Harmonized data could help understanding of COVID-19 pandemic in North: Arctic Council briefing doc

An undated photo of Greenland’s capital city of Nuuk. Greenland had a total of 13 confirmed COVID-19 cases since the pandemic began but all are now recovered. There’s been zero new COVID-19 cases since Greenland started reopening June 15. An Arctic Council briefing document says despite the success of most Arctic regions in containing the coronavirus infection, harmonized circumpolar data could help better prepare for a second wave. (iStock)
Harmonized data and circumpolar oriented statistics would contribute to better understanding the COVID-19 pandemic in the North, says a briefing document from the Arctic Council released this month.

“With the current pandemic, there is a particularly urgent need to harmonize data, including analysis methods and the number of cases, recoveries, hospitalizations and deaths,”  the report said.

“Arctic regions face many of the same conditions and challenges regarding Covid-19, thus enhancing circumpolar and transnational collaboration, surveillance and harmonization of case definitions are important to control the pandemic in the Arctic.”

The report, “Covid-19 in the Arctic: Briefing Document for Senior Arctic Officials,” was put together for the most recent Arctic Council senior Arctic officials meeting in Iceland that took place in June.

It was put together by consulting national and subnational statistical databases and  peer-reviewed articles, policy statements, technical guidelines, field surveys, and local observations from Arctic communities.

The document does not represent the official view of the Arctic Council, but was put together to identify knowledge gaps when it comes the affect of COVID-19 on the North and ways the Arctic Council might contribute to informing pandemic management

Preparing for second wave

To date, COVID-19 cases have been eliminated or are under control in most of the world’s Arctic regions outside of Russia, but the briefing document says acquiring more circumpolar oriented data would help better prepare Arctic regions navigate the coming months, as well as prepare for future pandemics.

“In general, remote communities have an advantage in these situations since they can keep track of people entering their areas, which is nearly impossible in larger cities,” the briefing document says. “On the other hand, if and when the virus is able to penetrate these communities, there will be many challenges to overcome. For example, there is no immunity to the disease, the capacity of the health care system is often quite limited, and rapidly transporting a sick person great distances to receive specialized care is difficult.”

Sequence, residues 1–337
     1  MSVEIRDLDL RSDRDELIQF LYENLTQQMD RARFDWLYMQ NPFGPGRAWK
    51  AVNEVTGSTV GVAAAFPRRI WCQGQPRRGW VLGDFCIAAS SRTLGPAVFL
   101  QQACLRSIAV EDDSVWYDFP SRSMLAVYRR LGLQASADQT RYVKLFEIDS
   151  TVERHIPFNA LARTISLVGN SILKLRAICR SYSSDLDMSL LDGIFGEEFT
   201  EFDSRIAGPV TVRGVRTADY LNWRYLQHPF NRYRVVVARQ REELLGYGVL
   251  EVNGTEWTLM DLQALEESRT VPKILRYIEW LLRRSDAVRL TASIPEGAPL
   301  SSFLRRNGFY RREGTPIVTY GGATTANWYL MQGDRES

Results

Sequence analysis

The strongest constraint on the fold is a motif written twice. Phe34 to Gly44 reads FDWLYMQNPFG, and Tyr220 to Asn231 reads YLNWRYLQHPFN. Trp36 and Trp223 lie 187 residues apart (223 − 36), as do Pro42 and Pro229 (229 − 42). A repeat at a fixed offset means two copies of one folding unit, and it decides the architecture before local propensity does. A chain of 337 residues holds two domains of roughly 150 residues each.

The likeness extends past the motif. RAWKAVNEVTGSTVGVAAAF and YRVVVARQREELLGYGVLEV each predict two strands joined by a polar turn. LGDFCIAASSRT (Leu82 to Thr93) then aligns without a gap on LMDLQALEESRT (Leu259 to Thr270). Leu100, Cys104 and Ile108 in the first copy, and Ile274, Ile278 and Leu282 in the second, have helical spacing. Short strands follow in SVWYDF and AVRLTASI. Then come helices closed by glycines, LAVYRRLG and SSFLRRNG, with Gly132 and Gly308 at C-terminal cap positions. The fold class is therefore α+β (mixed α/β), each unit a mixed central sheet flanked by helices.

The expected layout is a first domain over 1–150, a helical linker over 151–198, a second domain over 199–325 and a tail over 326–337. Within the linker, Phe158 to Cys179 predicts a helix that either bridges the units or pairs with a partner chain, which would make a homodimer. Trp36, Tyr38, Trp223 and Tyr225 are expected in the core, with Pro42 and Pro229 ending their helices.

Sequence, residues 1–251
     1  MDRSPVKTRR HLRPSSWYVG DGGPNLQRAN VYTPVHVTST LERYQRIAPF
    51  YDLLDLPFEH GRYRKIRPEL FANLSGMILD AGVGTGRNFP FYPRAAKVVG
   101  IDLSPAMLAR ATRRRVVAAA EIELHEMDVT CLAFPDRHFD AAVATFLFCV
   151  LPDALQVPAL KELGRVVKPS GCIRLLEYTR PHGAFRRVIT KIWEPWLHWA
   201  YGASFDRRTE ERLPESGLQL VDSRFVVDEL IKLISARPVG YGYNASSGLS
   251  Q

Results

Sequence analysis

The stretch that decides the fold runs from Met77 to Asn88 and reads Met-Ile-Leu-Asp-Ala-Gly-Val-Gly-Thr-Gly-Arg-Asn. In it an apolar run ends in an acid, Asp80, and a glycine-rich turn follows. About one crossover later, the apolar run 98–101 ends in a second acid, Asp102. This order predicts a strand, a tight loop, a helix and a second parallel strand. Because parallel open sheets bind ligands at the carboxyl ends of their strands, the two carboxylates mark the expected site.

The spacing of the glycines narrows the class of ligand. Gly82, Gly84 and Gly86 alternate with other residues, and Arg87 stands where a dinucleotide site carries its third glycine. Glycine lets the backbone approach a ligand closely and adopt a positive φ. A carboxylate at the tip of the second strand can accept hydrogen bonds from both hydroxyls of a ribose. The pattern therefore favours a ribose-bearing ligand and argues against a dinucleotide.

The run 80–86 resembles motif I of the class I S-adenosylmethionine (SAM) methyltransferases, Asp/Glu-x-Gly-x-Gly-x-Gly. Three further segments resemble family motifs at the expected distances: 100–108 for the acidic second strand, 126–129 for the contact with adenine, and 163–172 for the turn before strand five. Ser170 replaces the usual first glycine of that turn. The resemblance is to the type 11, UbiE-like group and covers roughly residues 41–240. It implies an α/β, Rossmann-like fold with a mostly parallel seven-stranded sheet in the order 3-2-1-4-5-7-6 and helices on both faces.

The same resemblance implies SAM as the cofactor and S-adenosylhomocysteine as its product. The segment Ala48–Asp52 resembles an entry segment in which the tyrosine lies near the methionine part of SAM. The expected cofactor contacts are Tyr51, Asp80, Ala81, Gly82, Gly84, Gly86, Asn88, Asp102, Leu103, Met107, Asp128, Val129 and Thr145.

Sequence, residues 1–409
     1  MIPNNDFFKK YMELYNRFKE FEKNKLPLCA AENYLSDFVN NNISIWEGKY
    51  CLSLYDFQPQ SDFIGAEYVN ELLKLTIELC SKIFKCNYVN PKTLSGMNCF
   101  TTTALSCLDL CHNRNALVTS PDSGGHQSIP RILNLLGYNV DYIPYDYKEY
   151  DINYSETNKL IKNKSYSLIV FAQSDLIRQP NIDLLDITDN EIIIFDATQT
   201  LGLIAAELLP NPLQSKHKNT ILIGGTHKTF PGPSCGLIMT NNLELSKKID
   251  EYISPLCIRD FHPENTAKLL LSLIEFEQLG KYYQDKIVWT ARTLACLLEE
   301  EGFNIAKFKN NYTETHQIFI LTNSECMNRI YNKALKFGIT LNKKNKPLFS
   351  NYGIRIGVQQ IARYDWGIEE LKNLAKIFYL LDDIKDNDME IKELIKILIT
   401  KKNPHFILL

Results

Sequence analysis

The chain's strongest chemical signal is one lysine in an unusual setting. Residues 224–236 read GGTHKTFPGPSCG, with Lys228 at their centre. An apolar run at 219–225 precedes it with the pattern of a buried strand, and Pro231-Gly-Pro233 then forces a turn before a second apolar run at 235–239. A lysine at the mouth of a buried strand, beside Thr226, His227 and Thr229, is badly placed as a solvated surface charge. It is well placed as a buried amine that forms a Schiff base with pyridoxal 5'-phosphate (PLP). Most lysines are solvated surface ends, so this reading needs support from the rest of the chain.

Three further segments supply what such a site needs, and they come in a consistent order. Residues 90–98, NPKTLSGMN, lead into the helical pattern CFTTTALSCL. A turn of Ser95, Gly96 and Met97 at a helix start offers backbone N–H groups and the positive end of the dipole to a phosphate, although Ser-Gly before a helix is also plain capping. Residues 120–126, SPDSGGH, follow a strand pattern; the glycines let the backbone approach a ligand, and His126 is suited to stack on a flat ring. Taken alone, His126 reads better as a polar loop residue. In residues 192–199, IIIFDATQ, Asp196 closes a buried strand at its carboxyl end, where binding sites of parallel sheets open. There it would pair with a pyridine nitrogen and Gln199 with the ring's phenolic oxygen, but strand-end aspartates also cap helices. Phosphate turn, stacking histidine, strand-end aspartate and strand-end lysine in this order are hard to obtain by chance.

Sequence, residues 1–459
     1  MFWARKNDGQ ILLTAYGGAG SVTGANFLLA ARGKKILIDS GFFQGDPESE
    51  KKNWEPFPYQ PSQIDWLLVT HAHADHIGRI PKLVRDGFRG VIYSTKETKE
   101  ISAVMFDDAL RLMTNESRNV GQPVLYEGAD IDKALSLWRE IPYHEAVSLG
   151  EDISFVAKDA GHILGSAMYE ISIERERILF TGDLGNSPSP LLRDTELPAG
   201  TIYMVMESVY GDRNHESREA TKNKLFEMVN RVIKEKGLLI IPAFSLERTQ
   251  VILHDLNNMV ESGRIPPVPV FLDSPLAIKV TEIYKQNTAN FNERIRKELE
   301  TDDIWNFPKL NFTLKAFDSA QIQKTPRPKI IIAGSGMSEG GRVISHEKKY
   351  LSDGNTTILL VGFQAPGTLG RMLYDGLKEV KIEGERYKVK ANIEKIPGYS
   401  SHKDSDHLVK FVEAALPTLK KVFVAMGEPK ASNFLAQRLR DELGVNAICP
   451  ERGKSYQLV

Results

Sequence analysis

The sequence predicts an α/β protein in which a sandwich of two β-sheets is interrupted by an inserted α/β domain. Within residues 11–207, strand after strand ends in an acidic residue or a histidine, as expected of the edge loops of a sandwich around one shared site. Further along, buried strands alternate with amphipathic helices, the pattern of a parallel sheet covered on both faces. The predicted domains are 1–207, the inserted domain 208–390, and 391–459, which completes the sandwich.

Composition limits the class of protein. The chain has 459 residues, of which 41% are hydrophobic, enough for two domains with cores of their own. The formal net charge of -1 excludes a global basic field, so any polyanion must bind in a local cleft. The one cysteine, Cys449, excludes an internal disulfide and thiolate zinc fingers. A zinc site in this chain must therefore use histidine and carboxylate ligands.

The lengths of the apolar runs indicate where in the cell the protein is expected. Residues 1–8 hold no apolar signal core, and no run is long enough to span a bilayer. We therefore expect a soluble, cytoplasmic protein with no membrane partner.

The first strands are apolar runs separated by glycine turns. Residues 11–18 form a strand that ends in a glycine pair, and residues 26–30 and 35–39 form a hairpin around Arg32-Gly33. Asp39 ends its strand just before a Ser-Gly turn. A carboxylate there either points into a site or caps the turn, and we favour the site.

The Ungava Tulattavik Health Centre in the village of Kuujjuaq. It is one of only two health centres in the Inuit region of Arctic Quebec. The remaining 12 villages in the region are served by nursing stations. (Eilis Quinn/Eye on the Arctic)

Different regions of the Arctic also have different characteristics that make them more vulnerable to COVID-19 from the housing shortage and resulting overcrowding in many of Canada’s northern regions, to the particularly elderly population in many of Europe’s Arctic regions.

“…it is of utmost importance to put in place effective measures to prevent the virus from entering these communities,” the document says. “Even if infection rates have been low in much of the Arctic until now, it is important to recall that additional waves may come as states lift restrictions.”

Need for local economic data

The briefing document also identified a need for more circumpolar specific data to help buffer Arctic communities from the prolonged economic fallout from COVID-19.

“More data are necessary across the wide range of economic indicators and geographical hierarchies, but most urgently at the local/community level,” the document said.

“One common characteristic of the Arctic regions is their reliance on global trade, and specifically on specialized exports such as oil, natural gas, minerals and fish, while also depending on importing vital necessities such as fuel, food, equipment and more. Thus, any interruptions in trade deeply affect the Arctic.”